She expressed her belief that young adults go through a tough time during their teens with issues that are sometimes not represented in literature. With characters like Libby, Finch, Violet and Jack from her novels, she sought to not only write their story, but address these issues in a way for young adults to understand.
“All of the novels I’ve written are stories I wanted to read,” she said. We can only hope that Jennifer dives further into these topics in her upcoming novels.
This year’s YA program was a success! With a variety of authors, publishers, publicists and editors, the conversations were endless and engaging. The Sydney Writer’s Festival has done a brilliant job at celebrating Australian and international YA stories, leaving us exhilarated and warm-hearted.
March has been a hectic month for me with university, editing and bookstagram. I managed to crack 900 followers, I finished editing Taylor‘s novel, and I’m already drowning in assignments. However I did manage to squeeze in some books to tide me over and keep me sane. I did a buddy reading of Gemina with some lovely people on bookstagram such as Beth, who has been an absolute gem to me. I also finally finished the Grisha trilogy with Shelby and she is one of the sweetest people you’ll ever meet.
So, without further ado and ramblings from moi, here is my March wrap up with their respective reaction gifs that sum up how I felt about them.
Summer is upon us and this means relaxing by the pool with an ice cold drink and a good book while getting your tan on. Or you can stay indoors with your cat and lounge in bed. It’s your choice.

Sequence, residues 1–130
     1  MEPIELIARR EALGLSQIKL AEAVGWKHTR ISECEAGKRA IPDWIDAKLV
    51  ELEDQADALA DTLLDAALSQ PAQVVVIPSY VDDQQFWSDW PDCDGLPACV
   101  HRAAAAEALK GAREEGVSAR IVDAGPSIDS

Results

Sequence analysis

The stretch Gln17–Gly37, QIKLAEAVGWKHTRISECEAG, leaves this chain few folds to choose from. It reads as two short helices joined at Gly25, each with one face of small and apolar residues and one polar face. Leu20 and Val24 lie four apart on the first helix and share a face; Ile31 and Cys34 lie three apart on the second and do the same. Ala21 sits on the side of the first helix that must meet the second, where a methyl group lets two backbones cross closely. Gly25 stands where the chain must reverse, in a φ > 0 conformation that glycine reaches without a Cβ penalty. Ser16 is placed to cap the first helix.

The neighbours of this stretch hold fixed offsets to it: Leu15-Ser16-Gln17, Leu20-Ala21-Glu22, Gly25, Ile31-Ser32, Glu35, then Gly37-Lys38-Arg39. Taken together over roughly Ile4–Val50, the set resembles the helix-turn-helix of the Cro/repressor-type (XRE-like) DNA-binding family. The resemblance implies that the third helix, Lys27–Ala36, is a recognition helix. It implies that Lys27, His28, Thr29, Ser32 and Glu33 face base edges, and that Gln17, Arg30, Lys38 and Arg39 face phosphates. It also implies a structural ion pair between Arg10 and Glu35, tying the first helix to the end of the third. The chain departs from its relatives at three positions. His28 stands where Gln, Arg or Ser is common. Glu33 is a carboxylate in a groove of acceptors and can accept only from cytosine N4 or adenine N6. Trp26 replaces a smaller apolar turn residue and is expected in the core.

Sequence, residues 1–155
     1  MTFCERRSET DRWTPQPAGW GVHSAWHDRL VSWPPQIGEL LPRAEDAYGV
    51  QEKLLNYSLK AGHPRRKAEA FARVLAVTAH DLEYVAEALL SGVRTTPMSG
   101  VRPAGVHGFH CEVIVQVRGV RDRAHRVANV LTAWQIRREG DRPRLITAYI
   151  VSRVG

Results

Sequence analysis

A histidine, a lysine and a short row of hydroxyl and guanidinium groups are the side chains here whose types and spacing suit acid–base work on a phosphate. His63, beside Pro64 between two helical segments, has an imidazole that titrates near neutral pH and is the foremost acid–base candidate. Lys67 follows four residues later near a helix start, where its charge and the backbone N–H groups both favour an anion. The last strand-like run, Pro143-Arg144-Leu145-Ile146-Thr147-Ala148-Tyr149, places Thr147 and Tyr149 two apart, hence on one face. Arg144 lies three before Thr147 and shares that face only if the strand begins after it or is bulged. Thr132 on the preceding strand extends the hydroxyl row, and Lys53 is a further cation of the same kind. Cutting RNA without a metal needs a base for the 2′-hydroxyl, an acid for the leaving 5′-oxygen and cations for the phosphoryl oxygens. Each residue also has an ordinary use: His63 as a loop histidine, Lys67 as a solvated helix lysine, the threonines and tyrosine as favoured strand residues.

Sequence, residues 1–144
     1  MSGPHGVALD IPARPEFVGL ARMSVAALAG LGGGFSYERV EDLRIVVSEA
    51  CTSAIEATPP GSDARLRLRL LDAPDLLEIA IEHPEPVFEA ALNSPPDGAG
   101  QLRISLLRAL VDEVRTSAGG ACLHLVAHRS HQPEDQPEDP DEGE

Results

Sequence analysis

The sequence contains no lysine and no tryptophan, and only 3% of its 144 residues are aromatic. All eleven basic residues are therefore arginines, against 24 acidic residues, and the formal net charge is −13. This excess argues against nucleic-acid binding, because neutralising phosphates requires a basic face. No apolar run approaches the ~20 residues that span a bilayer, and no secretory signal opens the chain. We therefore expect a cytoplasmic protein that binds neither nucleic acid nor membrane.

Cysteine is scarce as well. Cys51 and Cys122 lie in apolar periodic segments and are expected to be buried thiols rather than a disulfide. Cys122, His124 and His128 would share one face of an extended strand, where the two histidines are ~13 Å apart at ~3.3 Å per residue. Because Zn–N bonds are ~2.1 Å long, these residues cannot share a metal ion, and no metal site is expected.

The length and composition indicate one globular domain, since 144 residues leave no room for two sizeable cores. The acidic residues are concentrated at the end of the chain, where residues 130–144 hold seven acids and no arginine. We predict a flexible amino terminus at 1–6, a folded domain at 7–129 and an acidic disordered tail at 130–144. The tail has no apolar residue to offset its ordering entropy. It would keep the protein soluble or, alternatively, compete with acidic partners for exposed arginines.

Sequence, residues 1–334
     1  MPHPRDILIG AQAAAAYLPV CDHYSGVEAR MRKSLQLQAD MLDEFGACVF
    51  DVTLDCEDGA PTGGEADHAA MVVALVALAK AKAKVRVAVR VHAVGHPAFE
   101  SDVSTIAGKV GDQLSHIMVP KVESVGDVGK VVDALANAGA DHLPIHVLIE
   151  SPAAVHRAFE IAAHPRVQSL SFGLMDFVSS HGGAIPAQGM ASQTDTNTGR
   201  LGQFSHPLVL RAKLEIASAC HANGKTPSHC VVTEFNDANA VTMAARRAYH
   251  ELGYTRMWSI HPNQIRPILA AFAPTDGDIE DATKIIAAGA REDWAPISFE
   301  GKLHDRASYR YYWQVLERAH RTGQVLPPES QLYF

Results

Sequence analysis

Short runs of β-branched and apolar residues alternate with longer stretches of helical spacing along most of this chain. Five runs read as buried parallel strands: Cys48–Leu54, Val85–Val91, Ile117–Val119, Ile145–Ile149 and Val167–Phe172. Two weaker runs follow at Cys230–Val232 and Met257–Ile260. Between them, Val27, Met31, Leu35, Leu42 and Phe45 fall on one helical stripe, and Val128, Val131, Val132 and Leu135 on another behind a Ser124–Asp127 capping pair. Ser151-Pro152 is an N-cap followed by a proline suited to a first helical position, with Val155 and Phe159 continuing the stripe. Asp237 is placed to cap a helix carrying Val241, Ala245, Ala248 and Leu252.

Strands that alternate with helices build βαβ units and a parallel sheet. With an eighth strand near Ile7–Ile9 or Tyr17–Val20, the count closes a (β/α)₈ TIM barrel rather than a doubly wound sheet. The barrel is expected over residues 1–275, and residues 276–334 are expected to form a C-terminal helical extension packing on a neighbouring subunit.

As we roll into the summer of 2017, it is looking promising, so here are some of the ones you should pick up on your next book haul. There’s a book for everybody!
Carve the Mark by Veronica Roth
As the author of Divergent, Roth takes us on epic sci-fi adventure through the stars. In a world where its citizens develop currentgifts which will help shape their world, the protagonists Akos and Cyra find their currentgifts to be vices upon themselves. Thrown into orbit together, the two must find a way to navigate a world of tyrants, different intergalactic nations and right the wrongs of the stars.
This ‘sort of memoir’ recollects and reveals Fisher‘s Star Wars memories from intimate to outrageous. Having recently unearthed her handwritten journals which contained her musings while filming Episode IV, she found love poems, naivety and a vulnerability she’d never noticed. Now complied into a book, this collection of excerpts from her journals unfold what actually happened behind the scenes of one of the most famous film series of all time. Filled with her sense of humour, the pros and con of celebrity life and Hollywood royalty, this is a diary you want to read.